http://www.rafcommands.com/forum/showthread.php?12424-Establishment-Unit

    If the unit had a high damage rate of aircraft due to combat it's daily declaration of effective strength would rule how quickly an airframe was SOC.

    Each unit establisment dictated how many airframes and personnel were for IE (Intial Equipment) and IR (Immediate Reserve).

    Once an airframe was taken out of line for either repair or servicing the unit replaced it with an IR airframe. It was the duty of the unit commander to ensure that the IE was always the uinit effective combat strength.

    see Form G for Bomber Command on this thread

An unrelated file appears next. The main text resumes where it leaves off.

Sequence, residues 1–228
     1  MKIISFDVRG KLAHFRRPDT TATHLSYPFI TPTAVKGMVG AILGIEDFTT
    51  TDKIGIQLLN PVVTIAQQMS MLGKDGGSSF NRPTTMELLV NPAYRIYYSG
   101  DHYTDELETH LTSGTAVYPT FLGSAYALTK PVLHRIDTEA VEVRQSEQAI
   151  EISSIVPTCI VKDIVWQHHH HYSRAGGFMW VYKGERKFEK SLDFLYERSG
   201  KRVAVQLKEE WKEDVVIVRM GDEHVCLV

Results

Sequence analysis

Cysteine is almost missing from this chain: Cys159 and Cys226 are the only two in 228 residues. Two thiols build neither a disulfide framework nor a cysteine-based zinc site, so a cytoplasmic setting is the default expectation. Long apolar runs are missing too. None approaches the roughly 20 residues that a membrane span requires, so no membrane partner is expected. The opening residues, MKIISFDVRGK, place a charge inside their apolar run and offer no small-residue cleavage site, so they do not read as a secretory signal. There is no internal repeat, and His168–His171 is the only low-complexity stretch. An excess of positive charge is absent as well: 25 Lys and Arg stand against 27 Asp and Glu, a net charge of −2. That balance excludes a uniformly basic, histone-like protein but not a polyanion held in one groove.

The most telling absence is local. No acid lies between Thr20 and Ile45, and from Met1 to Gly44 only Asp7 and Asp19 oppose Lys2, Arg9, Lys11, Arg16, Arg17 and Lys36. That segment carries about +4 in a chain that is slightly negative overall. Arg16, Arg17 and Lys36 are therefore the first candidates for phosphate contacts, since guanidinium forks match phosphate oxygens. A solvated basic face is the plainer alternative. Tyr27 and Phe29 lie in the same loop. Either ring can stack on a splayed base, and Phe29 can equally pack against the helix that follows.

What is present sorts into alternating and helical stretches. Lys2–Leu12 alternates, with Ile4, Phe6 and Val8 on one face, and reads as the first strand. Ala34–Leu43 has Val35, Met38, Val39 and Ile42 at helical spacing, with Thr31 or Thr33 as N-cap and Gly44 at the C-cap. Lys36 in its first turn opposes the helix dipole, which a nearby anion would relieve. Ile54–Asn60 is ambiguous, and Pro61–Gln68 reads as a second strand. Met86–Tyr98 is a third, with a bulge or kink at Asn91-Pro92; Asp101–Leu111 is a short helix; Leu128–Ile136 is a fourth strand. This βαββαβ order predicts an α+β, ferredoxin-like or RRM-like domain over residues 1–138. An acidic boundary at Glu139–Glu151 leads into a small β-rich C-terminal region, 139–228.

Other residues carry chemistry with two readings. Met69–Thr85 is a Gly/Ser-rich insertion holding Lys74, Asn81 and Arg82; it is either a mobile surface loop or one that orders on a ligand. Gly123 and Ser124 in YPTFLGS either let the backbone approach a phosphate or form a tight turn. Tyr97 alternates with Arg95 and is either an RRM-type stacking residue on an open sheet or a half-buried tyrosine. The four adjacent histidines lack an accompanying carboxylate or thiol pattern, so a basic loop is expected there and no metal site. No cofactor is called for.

http://www.rafcommands.com/forum/showthread.php?11862-Forms-Lettered

    An airframe which was still declared TOC could not be replaced from outside the unit unless it was SOC then another airframe could be supplied to make the unit back up to establishment.

    Hence no IR, all losses declared SOC as soon as possible, fuel and reporting permitting. The greater the flying hours, the more the need to remove aircraft for servicing and the greater the damage the quicker the need to get new airframes fron the Command reserve pools.

    A similar situation was imposed on personnel
    http://www.rafcommands.com/forum/showthread.php?12240-Form-449-Monthly-Return-of-Officers-and-Airman-Pilots

    Regards
    Ross